13. pajenn

    pajenn Registered Member

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    IMO Macrium is the best free imaging tool available at the moment and iirc there's a 64-bit build of it too. Just help the laptop owner make a backup images now and then, and if s/he ever needs to do a restore, then maybe s/he'll be motivated to learn to use backup software more actively in the future. Disable macriums 'start automatically' service/s so it's not in the way. The disk space it takes is negligible, except for the backup images which should preferably reside on an external hard drive anyway.

    Maybe install Minefield browser too - it's the pre-release version of 64-bit Firefox and may be faster on a 64-bit systems. Keep the regular firefox too (minefile installs into '\program files\minefield' instead of '\program files (x86)\mozilla firefox' so you can have both browsers installed at the same time). As a pre-release, you might think minefield is not suitable for a novice, but it's basically just a 64-bit version of firefox and very stable, so it may be better for 64-bit systems.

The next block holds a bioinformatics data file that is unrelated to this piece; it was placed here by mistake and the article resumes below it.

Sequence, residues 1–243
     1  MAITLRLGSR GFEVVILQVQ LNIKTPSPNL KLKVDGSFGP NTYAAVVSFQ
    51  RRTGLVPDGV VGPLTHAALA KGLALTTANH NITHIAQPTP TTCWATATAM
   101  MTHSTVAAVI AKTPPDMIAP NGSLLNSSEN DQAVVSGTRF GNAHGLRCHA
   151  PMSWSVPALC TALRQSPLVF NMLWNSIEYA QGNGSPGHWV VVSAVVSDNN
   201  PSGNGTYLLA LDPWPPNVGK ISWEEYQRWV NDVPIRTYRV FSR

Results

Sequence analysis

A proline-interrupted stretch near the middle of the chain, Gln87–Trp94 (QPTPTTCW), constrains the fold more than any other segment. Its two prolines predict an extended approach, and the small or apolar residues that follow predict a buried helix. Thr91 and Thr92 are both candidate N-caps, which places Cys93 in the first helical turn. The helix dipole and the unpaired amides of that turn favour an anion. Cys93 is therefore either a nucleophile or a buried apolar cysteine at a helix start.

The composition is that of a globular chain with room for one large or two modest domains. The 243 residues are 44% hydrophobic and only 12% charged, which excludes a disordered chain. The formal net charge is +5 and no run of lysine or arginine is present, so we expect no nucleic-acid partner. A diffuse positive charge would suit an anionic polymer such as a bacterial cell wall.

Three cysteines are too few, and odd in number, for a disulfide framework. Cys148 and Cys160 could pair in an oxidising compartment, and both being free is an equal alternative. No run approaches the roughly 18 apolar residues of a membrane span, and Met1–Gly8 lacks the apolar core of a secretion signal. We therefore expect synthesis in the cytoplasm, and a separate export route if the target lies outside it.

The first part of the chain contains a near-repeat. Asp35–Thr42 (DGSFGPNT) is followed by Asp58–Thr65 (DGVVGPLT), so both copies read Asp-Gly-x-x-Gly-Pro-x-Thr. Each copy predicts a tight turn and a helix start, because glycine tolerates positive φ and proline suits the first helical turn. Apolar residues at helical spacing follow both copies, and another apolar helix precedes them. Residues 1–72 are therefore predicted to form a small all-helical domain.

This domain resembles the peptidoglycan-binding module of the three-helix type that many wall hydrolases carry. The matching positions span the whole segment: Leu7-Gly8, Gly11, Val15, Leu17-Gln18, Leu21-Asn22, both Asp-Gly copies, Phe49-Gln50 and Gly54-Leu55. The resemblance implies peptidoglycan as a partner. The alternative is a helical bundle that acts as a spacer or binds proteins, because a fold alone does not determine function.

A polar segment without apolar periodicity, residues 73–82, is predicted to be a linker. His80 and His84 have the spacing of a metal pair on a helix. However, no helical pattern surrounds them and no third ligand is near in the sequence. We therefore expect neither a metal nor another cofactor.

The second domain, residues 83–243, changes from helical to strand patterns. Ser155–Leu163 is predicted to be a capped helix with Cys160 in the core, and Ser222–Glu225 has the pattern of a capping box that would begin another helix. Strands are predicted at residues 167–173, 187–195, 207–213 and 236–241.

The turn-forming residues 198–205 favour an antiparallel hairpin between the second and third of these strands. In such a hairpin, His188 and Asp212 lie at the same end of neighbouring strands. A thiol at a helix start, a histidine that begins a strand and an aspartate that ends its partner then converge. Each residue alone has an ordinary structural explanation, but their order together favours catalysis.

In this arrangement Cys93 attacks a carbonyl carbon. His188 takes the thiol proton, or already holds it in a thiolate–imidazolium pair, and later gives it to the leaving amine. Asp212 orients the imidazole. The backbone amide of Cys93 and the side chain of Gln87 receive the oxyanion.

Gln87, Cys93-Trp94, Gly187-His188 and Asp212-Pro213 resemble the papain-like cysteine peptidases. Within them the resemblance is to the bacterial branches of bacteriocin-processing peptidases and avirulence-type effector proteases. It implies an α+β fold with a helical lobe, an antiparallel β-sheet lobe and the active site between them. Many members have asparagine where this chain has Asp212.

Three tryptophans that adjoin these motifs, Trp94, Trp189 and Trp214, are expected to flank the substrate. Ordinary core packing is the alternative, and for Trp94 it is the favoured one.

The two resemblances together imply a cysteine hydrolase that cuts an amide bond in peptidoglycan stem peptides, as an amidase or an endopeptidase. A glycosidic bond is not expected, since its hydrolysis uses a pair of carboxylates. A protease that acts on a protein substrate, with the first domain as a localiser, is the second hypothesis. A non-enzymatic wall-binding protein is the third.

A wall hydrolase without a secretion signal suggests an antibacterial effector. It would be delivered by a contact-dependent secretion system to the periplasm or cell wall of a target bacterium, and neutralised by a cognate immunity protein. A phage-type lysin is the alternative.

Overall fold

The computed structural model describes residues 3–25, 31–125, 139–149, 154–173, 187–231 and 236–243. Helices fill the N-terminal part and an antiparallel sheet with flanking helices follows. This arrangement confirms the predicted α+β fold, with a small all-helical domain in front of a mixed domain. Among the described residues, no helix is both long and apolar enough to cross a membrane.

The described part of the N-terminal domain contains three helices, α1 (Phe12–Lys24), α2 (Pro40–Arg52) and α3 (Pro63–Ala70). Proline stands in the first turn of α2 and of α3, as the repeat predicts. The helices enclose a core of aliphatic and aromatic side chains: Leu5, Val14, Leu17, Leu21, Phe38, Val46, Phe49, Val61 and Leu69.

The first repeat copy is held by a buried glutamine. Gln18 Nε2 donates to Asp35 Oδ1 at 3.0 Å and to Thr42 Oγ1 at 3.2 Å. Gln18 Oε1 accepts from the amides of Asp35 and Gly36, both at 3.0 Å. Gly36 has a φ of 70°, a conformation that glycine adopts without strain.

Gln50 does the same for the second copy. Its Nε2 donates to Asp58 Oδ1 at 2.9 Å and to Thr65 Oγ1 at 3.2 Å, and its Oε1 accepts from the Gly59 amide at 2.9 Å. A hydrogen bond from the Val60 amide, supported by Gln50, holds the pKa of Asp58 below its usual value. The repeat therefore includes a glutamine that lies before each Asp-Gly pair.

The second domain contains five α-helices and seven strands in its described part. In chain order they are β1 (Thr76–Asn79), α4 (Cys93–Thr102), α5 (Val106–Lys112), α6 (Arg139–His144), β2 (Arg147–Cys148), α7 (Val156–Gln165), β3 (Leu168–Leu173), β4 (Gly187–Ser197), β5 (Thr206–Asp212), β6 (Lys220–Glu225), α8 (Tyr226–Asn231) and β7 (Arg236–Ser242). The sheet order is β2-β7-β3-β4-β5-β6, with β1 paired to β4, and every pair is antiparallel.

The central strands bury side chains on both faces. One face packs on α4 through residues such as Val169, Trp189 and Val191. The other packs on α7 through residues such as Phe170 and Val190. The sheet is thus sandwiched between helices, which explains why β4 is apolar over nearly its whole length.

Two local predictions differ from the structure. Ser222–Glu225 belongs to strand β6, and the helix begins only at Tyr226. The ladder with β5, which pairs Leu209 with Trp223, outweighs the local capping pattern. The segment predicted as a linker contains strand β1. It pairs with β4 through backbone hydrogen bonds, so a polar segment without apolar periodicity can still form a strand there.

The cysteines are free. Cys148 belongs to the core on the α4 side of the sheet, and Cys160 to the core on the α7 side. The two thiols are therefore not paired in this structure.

I'd add doPDF or similar for a free PDF printer. Personally I also install imdisk (free, tiny ramdisk software for mounting iso, img and certain other image files), pismo file mount (another free and small file mounting software that's super convenient e.g. let's you 'quick mount' iso to essentially explore their contents on the spot), filemenu tools (adds useful context menu entries), and fastcopy (copies fast), but they may be for more useful for advanced users. I'm not familiar with Ashampoo Burning Studio 2010 Advanced, but for basic burning needs on 64-bit systems I like InfraRecorder because it's small, free and comes in a 64-bit version. For ease of use, I like CDBurnerXP and BurnAware.